Las Vegas, NV
May 20, 2020
Garrison Keillor hits Las Vegas with a new solo show!
April 18, 2020
Garrison Keillor comes to the Rochester Civic Theatre for a night of stories, songs, poetry, and humor. Tickets $50 and up
February 19, 2020
Garrison Keillor with Heather Masse at the Dakota. Night 2 of 2. Tickets $30+
February 18, 2020
Garrison Keillor with Heather Masse at the Dakota. Night 1 of 2. Tickets $30+
What lips my lips have kissed…
by Edna St. Vincent Millay
What lips my lips have kissed, and where, and why,
I have forgotten, and what arms have lain
Under my head till morning; but the rain
Is full of ghosts tonight, that tap and sigh
Upon the glass and listen for reply,
And in my heart there stirs a quiet pain
For unremembered lads that not again
Will turn to me at midnight with a cry.
Thus in the winter stands the lonely tree,
Nor knows what birds have vanished one by one,
Yet knows its boughs more silent than before:
I cannot say what loves have come and gone,
I only know that summer sang in me
A little while, that in me sings no more.
“What lips my lips have kissed…” by Edna St. Vincent Millay. Public domain. (buy now)
Today is the anniversary of the surrender that ended the American Revolutionary War, in Yorktown, Virginia, in 1781. George Washington had had a difficult spring. His troops were low on supplies and food, their clothing was in shreds, and there had been a steady stream of desertions from his ranks. By summer, Washington had only a few thousand troops camped at West Point, New York. The British expected Washington to attack New York City, which he had been planning to do for most of the spring. But when he learned that the British forces under the control of Lord Cornwallis were building a naval base on the Yorktown Peninsula in Virginia, he decided impulsively to march his army from New York to Virginia, in the hopes of trapping Cornwallis and capturing his army.
Washington’s plan to move his army 400 miles in order to catch his enemy by surprise was a bold move. He had to march his troops toward New York City first, to scare the British into hunkering down for an attack. Then he quickly moved south. Washington’s men and their French allies marched every day from 2:00 a.m. until it grew too hot to continue. It was a hot summer, and on one day, more than 400 men passed out from the heat. Few armies in history had ever moved so far so fast.
Lord Cornwallis learned of Washington’s approach before he arrived, but Cornwallis chose not to flee, because he thought his troops would be evacuated by the British navy. He didn’t realize that the British ships had already been routed by a French fleet from the south. So in the early weeks of October, he watched as Washington’s troops surrounded the city and began a siege. After several days of bombarding the city with gun and cannon fire, Washington received word that Cornwallis would surrender.
England didn’t have enough money to raise another army, and they appealed to America for peace. Two years later, the Treaty of Paris was signed, and the war was officially over.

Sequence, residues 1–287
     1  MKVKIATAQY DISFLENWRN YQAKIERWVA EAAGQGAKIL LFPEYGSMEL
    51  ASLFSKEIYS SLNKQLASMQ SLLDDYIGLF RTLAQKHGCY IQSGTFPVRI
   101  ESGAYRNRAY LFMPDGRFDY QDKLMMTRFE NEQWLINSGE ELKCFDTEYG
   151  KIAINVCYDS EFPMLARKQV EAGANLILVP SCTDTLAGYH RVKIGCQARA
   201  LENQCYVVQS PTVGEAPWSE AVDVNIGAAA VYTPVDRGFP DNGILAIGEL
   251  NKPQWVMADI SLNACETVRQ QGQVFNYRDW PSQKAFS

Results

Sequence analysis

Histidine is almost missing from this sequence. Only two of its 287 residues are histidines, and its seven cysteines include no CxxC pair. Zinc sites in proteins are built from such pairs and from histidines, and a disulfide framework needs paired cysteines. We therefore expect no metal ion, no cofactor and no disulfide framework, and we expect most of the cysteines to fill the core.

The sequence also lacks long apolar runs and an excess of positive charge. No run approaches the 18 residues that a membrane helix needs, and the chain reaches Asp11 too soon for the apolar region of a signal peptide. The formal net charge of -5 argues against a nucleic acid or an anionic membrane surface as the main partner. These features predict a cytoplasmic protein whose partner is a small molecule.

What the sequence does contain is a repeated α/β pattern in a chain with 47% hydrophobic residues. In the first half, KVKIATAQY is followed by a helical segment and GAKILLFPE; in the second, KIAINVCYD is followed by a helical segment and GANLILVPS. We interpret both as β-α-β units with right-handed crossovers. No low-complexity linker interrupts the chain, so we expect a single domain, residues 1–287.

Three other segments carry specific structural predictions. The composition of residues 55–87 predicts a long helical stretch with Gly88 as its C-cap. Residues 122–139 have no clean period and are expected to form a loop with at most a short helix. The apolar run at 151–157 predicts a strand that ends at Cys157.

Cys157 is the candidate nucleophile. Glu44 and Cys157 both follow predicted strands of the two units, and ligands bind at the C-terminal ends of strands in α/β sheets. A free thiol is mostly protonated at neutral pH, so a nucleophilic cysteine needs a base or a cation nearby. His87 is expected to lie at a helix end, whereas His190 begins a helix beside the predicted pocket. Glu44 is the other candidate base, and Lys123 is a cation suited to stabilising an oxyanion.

It’s the birthday of the spy novelist David Cornwell who writes under the name John le Carré (books by this author), born in Poole, England (1931). In his novels such as The Spy Who Came in from the Cold (1963) and Tinker, Tailor, Soldier, Spy (1974), he’s known for writing realistically about spies who aren’t sexy or daring, like James Bond, but tired, lonely men, who barely trusted their own government more than they trusted their enemies.
His father was a con man who made money from fraudulent real estate deals and then racked up millions of dollars in gambling debts. Cornwell’s mother abandoned the family when he was five years old. His father was in and out of prison for various fraud charges, so he was raised mostly by his father’s various girlfriends. He never forgave the man. He said, “I think that my great villains have always had something of my father in them.”
Today is the birthday of Tracy Chevalier (1962) (books by this author), born in Washington, D.C. After college, she moved to London to stay for six months, but she fell in love with a British man and she has never left. She was a reference book editor for several years before she started writing historical novels. Her first novel, The Virgin Blue (1997), was a moderate success, and her second book, Girl With a Pearl Earring (1999), was a huge best-seller. For the book, Chevalier was inspired one day when she was staring at a poster she had bought when she was 19, a copy of Johannes Vermeer’s painting “Girl With a Pearl Earring.” She imagined what life might have been for the young woman who ended up the subject of that painting. She started the book right away, but she was pregnant and she didn’t want the book to get lost in her life as a new mother, so she researched and wrote the whole novel in just eight months, finishing just two weeks before the birth of her son. In it, she wrote, “He saw things in a way that others did not, so that a city I had lived in all my life seemed a different place, so that a woman became beautiful with the light on her face.”
She said, “Don’t write about what you know — write about what you’re interested in. Don’t write about yourself — you aren’t as interesting as you think.”
Be well, do good work, and keep in touch.®